and shouts encouragement to her. Nice of her, but we think nothing
more of it as we pass by.
That's where Amanda was born!
This has featured in a couple of previous blogs too, because it's
just across the road from Beckenham Tennis Club which is the race HQ
for the Beckenham 10k.
This is now a "Harris Primary Academy", which probably means
something to modern parents, but it was St George's School when
Amanda went there. Rather sadly, the adjacent former playing field
is now a car park.
And here's where Amanda had her ballet lessons.
A bit of confusion here, because when we were planning the route,
she said to include the Town Hall. This, however, is the Public
Hall, but apparently "Town Hall" is what she remembers it being
called. Strange, because Beckenham did have an actual Town Hall
which was a completely different building. I remember it because
that's where we had to go to the School Dentist. School Dentist? I
imagine that's a service schoolchildren no longer receive.
I can't say I remember it at all fondly, but Emma, our rather less
frightening dentist today, has remarked on how well the work I had
done then has stood up over time.
The old Town Hall itself has not stood the test of time,
unfortunately. Built in 1932, it was the pride of Beckenham, but was
demolished in the 90s to make way for a supermarket and its car
It used to look like that!
We didn't have those big green things, either.
Beckenham Junction was just a plain railway station before Croydon
Tramlink was built. Neither of us have ever been on the service. I
left Croydon well before construction started, although there'd been
talk of it for a while.
Something else we didn't have, but neither did anybody else. Just a
year ago, that would have been pretty much unimaginable.
We leave the High Street area for Kelsey Park. We'll run through
here, check out the Chinese Garage, then back round and repeat the
loop to get a bit of extra distance over the Google plot.
Look, more virtual London Marathon runners. There's definite
smattering of them all over the place.
Also looking rather sad...
The Chinese Garage is so called because it was built in a Japanese
Look, it was 1928: nobody in Beckenham knew the difference!
It's Grade II listed, and in 2001 was voted "most unusual garage in
England", or so Wikipedia tells us: https://en.wikipedia.org/wiki/Chinese_Garage
The most recent news I can find is that in May last year, planning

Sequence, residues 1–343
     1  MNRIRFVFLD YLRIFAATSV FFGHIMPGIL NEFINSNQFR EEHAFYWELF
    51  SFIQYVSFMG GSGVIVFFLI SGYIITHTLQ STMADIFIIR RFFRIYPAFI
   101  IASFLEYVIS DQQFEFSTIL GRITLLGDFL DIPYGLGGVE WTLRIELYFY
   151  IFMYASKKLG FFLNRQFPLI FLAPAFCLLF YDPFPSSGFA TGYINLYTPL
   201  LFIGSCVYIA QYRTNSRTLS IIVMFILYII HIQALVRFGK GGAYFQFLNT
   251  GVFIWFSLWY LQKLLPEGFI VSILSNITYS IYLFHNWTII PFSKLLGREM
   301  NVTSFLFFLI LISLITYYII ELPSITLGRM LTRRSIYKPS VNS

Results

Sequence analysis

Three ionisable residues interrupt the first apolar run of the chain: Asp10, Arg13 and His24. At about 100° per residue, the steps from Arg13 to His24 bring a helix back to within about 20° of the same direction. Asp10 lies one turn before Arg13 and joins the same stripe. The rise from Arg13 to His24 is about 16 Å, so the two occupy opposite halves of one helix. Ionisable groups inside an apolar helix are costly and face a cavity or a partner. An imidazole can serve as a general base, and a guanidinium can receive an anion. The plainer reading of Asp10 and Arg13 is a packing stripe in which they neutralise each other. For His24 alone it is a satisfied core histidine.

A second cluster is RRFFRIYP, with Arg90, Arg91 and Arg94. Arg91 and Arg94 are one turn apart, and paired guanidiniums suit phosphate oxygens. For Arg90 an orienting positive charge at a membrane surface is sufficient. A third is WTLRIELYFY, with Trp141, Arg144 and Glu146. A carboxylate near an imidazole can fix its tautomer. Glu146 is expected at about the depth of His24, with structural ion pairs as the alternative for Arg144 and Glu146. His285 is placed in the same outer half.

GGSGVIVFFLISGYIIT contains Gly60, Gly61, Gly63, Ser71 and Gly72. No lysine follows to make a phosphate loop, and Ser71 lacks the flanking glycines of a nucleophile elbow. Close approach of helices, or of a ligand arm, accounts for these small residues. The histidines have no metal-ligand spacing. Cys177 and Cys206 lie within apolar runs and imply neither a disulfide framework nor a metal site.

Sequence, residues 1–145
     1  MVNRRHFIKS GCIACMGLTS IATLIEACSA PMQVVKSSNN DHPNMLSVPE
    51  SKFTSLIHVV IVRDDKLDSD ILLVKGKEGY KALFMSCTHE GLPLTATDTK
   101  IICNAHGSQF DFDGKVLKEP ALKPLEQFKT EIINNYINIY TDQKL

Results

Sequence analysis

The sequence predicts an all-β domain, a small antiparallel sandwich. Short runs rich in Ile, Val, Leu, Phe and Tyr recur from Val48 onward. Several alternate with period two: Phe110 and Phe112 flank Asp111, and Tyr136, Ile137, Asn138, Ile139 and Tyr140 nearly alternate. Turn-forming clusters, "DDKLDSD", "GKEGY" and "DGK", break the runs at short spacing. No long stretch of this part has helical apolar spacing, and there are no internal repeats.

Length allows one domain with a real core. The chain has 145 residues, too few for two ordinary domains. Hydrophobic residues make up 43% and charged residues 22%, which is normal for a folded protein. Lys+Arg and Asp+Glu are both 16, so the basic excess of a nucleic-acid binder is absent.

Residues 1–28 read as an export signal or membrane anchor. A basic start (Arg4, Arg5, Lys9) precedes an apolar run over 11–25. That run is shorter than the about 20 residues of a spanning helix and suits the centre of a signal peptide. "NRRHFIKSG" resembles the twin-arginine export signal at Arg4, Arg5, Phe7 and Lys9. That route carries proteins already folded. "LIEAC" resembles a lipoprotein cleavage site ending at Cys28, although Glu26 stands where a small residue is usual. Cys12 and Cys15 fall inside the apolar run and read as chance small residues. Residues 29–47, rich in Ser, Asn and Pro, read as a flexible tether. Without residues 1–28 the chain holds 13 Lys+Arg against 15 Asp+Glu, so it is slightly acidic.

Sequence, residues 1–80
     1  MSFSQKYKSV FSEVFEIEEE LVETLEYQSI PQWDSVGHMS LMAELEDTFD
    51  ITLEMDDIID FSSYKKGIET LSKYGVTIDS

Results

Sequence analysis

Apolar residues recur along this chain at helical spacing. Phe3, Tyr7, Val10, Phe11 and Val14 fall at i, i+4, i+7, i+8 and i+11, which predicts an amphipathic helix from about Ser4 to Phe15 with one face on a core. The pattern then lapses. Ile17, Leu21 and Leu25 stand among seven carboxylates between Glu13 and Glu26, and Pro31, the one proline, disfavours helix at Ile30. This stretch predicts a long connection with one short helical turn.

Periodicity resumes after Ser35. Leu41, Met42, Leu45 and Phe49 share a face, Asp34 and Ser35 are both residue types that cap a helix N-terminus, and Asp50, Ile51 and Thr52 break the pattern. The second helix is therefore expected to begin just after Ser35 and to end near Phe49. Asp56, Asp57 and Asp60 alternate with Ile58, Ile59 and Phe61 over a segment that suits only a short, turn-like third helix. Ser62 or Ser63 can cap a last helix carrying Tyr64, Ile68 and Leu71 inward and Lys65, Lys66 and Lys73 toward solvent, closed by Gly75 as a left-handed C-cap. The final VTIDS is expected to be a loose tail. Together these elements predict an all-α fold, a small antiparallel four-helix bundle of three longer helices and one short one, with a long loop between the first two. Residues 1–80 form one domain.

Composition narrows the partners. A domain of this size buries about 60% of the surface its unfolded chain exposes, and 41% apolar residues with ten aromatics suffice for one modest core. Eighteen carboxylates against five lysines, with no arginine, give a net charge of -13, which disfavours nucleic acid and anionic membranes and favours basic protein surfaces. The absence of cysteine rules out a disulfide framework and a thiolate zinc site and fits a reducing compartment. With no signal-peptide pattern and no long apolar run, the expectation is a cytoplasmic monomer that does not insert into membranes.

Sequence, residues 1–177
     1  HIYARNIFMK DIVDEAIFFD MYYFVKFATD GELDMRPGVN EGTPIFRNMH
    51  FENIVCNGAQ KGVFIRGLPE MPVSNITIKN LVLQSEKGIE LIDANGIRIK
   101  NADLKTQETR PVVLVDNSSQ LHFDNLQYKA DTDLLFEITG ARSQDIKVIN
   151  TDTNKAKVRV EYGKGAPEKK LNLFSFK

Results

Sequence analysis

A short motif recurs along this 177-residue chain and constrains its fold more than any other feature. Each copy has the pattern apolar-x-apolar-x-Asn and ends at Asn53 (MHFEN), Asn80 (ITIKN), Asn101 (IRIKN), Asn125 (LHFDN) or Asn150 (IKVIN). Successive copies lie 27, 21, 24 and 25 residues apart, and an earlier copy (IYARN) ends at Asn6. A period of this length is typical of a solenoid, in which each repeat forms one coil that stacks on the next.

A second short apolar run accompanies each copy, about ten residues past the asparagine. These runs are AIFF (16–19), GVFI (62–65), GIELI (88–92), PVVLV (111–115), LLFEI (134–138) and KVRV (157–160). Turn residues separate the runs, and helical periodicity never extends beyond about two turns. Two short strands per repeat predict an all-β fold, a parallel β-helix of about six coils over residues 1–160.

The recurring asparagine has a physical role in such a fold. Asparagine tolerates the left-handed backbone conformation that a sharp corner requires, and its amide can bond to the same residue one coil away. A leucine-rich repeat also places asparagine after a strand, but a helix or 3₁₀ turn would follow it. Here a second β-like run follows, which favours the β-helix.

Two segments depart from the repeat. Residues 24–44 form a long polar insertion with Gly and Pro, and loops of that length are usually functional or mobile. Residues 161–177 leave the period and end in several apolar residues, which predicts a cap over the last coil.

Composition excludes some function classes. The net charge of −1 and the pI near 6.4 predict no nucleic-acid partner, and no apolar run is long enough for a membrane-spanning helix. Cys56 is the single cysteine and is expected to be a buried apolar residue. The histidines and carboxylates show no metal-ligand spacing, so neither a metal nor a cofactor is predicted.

permission was granted to turn it into a Tesco Express, but it
appears that any such project has rather fallen by the wayside, for
now at least.
Right, back to the High Street again.
Plastic barriers to ward off the evil eye, or at least let people
walk into the street to avoid getting too close to each other.
We think, but aren't completely certain, that Village Bistro or
Caffé Nero is the site that was formerly "Importers"; a small cafe
that also sold loose tea and coffee, the latter of which was roasted
daily on the premises. You could smell it from the street as you got
near. Amanda used to be taken there as a treat, while I used to buy
all my coffee there once I discovered the difference from Nescafé!
They sometimes used to have Jamaican Blue Mountain, which was more
than double the price of a normal top-grade coffee; I don't think it
was twice as good, but hey, what's wrong with a bit of indulgence
now and again!
No doubt about this: this is the former Three Tuns pub.
It was quite cavernous and a bit impersonal, which was good if you
were in a large-ish group of underage drinkers who didn't
particularly want to stand out. As my mate Kendall said some years
later, "It makes me feel like a young girl again".
It's also the place where David Bowie used to play before anyone had
ever heard of him, but when I said "underage drinking" I didn't
actually mean when I was 12 years old.
Earlier we saw where Amanda did her ballet; this is where she got
her clothes and shoes.
So did my sister, as it happens, and although she and Amanda were
never actually ballet buddies, they are the same age and ended up
sharing a flat, which is how I got to know Amanda.
Have you ever wondered how I came to be so spiritual?
No, I thought not. But St Edmund's Catholic Church would have to
take the responsibility if I was. When I was seven or eight or
thereabouts, my parents, who had not yet abandoned all pretence of
faith, made me go to Catechism class. What some might call "Sunday
School", except that it was on a Saturday, and it was Catechism
- quite a different thing!
Even at that age, the whole thing was clearly absurd to me, but hey,
if that's what God wants... I am therefore one of His elect,
rejoicing in the certain knowlege that I am a fully paid-up member
of the One True Faith.
The church building is pretty much contemporary with Guildford
Cathedral (and Beckenham Town Hall, for that matter), but while they
are all clearly products of the same architectural language, I have
to say that Guildford always looks clumsy to me. For a religion that
sometimes seems to pride itself on sticking to its good old
mediaeval traditions, the RCs are much more adventurous than the C
of E when it comes to building. Pass by almost any place with a
cross outside, and the more interesting it looks, the more likely it
is to be RC.